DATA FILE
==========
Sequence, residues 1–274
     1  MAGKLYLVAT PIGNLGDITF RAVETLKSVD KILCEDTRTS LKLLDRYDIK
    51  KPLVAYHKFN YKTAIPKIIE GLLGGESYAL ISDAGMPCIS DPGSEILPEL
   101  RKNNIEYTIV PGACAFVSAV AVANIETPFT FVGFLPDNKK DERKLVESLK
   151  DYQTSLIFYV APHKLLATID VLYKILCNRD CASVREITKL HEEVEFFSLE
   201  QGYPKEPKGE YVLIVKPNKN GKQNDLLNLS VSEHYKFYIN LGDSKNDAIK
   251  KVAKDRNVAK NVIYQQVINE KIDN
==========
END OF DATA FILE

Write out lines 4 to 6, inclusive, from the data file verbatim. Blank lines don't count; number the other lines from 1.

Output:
   101  RKNNIEYTIV PGACAFVSAV AVANIETPFT FVGFLPDNKK DERKLVESLK
   151  DYQTSLIFYV APHKLLATID VLYKILCNRD CASVREITKL HEEVEFFSLE
   201  QGYPKEPKGE YVLIVKPNKN GKQNDLLNLS VSEHYKFYIN LGDSKNDAIK